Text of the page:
Birth weight is used by APR-DRGs and MS-DRGs, and it impacts the assigned group.  

The topic of newborns is rarely addressed when we talk about coding or clinical documentation integrity. Birth weight, prematurity, extreme prematurity, and other significant problems are all conditions that impact the MS-DRG assignment.

Newborns are assigned to MS-DRGs in Major Diagnostic Category (MDC) 15. An interesting fact regarding this MDC is that there is not a surgical division for it. Here are some important definitions that impact the MS-DRG assignment:

  • Neonate – an infant less than four weeks old
  • Prematurity – the birth weight of 1,000-2,499 grams, or gestational age of 27-36 completed weeks of gestation
  • Extreme prematurity – birth weight less than or equal to 999 grams, or gestational age of 23-26 completed weeks of gestation

The diagnosis codes on the newborn’s episode of care should begin with “P,” which would indicate a perinatal condition. It is important to be aware that not all diagnosis codes assigned to the newborn begin with “P,” as there are some “regular” codes that can be assigned as well. The diagnosis codes that begin with “O” can only be assigned to the mother’s episode of care. An edit will display if the codes are used incorrectly.

The above definitions relate to a coding perspective. The diagnoses of prematurity are assigned to MS-DRGs 791 and 792, depending on the presence of major problems. The diagnosis of extreme prematurity is assigned to MS-DRG 790.

Major problem diagnoses may also impact Full Term Neonates (MS-DRG 793) or Neonate (MS-DRG 794) codes. Examples of major problems include maternal conditions affecting the newborn; birth injuries; metabolic disturbances of the newborn; adverse effects of drugs; Rh or ABO incompatibility, and some congenital deformities.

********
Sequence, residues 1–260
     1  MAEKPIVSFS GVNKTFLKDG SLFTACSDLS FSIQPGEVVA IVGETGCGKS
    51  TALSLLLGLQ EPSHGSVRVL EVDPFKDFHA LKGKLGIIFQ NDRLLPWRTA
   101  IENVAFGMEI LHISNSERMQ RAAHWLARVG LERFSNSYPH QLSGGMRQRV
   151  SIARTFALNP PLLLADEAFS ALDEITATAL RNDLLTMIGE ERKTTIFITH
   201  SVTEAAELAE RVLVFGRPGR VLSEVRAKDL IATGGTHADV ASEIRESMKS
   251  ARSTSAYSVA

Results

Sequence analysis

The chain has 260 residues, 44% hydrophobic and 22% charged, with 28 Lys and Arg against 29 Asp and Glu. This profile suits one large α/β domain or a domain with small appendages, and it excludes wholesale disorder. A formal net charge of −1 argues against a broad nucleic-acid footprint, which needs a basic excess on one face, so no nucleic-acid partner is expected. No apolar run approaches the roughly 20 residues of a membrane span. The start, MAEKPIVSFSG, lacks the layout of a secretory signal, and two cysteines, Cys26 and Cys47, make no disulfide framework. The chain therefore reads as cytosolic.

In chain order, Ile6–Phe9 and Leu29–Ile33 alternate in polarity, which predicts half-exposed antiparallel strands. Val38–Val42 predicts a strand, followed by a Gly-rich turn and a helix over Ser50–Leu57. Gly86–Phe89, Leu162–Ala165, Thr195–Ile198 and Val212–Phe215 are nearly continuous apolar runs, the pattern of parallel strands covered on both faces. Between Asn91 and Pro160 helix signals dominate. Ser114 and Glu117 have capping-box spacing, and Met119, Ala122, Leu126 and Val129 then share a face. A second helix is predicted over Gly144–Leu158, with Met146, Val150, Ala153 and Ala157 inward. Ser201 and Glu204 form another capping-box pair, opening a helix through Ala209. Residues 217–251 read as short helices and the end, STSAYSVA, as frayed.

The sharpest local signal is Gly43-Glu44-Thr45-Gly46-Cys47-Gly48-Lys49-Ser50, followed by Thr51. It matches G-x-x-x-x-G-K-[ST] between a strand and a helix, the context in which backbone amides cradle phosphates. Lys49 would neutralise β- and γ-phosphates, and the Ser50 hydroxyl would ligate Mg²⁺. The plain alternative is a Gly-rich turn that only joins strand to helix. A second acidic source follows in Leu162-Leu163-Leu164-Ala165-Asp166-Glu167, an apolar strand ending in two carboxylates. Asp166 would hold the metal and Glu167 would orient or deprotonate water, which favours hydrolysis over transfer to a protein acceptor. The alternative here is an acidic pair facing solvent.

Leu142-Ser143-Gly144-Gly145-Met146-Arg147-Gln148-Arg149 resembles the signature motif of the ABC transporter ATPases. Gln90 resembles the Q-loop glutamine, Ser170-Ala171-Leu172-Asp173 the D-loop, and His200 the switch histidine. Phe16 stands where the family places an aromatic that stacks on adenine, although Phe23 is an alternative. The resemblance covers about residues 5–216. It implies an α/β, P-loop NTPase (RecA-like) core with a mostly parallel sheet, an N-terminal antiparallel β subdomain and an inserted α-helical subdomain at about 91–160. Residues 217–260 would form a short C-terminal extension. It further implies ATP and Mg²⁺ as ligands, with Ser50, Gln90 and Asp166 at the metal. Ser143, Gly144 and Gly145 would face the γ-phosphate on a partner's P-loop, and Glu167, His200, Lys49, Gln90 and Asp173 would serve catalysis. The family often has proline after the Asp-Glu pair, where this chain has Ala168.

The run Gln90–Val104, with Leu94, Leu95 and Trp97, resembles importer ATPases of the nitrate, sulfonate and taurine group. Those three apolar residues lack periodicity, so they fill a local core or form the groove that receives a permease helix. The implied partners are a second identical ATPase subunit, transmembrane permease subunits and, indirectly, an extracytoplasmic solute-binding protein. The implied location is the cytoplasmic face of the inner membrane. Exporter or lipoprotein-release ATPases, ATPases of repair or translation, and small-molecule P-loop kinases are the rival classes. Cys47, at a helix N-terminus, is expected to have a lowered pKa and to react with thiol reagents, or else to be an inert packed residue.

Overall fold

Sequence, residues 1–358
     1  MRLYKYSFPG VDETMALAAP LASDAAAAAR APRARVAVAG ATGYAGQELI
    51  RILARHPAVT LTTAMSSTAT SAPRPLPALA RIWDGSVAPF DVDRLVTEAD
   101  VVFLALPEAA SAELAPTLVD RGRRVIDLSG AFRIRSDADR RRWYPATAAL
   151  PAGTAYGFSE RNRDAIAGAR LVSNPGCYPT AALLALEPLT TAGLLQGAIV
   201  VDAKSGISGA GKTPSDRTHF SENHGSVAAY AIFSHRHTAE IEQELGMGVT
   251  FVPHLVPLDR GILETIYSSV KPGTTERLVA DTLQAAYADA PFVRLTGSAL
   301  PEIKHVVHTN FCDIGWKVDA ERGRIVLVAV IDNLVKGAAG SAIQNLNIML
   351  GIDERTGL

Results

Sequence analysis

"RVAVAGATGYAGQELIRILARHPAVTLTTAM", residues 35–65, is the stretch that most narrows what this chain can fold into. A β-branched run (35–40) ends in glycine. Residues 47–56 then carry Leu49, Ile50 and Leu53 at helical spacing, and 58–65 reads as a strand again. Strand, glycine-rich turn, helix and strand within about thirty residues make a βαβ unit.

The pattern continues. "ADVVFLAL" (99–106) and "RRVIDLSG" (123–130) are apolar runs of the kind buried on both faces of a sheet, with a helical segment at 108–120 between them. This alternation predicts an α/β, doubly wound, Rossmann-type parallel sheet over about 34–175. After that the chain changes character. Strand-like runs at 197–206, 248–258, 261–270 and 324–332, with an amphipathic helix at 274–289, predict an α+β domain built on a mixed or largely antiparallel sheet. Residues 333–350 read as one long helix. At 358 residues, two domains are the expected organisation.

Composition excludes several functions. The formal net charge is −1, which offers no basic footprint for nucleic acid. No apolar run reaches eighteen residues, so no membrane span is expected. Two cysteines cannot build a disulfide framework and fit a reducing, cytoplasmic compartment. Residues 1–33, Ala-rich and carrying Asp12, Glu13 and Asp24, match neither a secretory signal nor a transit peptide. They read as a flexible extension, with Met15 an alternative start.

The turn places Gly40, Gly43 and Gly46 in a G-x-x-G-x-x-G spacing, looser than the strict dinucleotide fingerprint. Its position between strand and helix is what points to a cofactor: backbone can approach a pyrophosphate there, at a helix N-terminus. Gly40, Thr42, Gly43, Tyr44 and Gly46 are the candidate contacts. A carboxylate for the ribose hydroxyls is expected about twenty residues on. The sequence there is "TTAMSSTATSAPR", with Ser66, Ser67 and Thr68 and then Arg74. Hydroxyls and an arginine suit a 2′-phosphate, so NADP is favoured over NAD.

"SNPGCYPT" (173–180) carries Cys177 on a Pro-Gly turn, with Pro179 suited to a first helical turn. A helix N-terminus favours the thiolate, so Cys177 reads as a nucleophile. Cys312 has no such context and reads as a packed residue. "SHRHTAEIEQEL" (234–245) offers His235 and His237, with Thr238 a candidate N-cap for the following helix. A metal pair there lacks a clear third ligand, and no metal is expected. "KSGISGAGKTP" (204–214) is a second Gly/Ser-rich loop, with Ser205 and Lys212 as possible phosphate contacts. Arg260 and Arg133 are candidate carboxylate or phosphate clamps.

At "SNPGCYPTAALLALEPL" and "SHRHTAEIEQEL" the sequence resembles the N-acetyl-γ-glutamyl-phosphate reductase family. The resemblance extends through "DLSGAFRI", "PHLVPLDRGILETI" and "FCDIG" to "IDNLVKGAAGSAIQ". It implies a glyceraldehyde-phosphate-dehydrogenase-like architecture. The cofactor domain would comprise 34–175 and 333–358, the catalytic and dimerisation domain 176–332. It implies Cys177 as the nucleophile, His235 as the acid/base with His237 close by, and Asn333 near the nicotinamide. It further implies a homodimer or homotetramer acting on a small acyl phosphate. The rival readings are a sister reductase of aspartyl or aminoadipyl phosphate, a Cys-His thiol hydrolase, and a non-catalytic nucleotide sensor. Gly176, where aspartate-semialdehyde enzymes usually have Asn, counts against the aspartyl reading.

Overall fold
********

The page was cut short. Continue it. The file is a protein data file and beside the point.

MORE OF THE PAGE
Some code examples of the aforementioned categories are P07.14 (other low birth weight newborn, 1,000-1,249 grams); T50.4X5A (Adverse effect of appetite depressants, initial encounter); P36.4 (Sepsis of newborn due to Escherichia coli); P10.0 (Subdural hemorrhage due to birth injury); and P74.21 (Hypernatremia of newborn).

Conditions such as observation and evaluation of newborns for suspected conditions do not impact the MS-DRG assignment (see category Z05). Normal newborns are grouped by the principal diagnosis, which is most frequently found in category Z38. Some conditions that may be expected to impact the MS-DRG grouping are newborns affected by a prolapsed cord, newborns being light for gestational age, and extreme immaturity of a newborn of unspecified weeks of gestation. The unspecified information identifies a need for clinical documentation integrity.

From a clinical documentation integrity perspective, the newborn record should specify if the infant was born in the hospital or outside the hospital; congenital versus acquired conditions; gestational age; and birth injuries. Birth injuries can affect all body systems, so the specific body system and the extent of the injury are important in assigning the correct diagnosis code.

Remember that birth weight is used by APR-DRGs and MS-DRGs, and it impacts the assigned group. The specific codes can be found in the MS-DRG Definitions Manual, version 37, available online at .

Programming Note:

Listen to Laurie Johnson’s live reports every Tuesday on Talk Ten Tuesday, 10-10:30 a.m. EST,


Laurie M. Johnson, MS, RHIA, FAHIMA, AHIMA Approved ICD-10-CM/PCS Trainer

Laurie Johnson is currently a senior healthcare consultant for Revenue Cycle Solutions, based in Pittsburgh, Pa. Laurie is an AHIMA-approved ICD-10-CM/PCS trainer. She has more than 35 years of experience in health information management and specializes in coding and related functions. She has been a featured speaker in over 40 conferences. Laurie is a member of the ICD10monitor editorial board and is a permanent panelist on Talk Ten Tuesdays

You May Also Like

HCCs: The Role of CDI and Risk Scores

HCCs: The Role of CDI and Risk Scores

Predicting coding patterns using the HCC risk scores can be a valuable endeavor. EDITOR’S NOTE: Longtime RACmonitor contributing correspondent Frank Cohen, a senior healthcare analyst,

Read More

Leave a Reply

Your Name(Required)
Your Email(Required)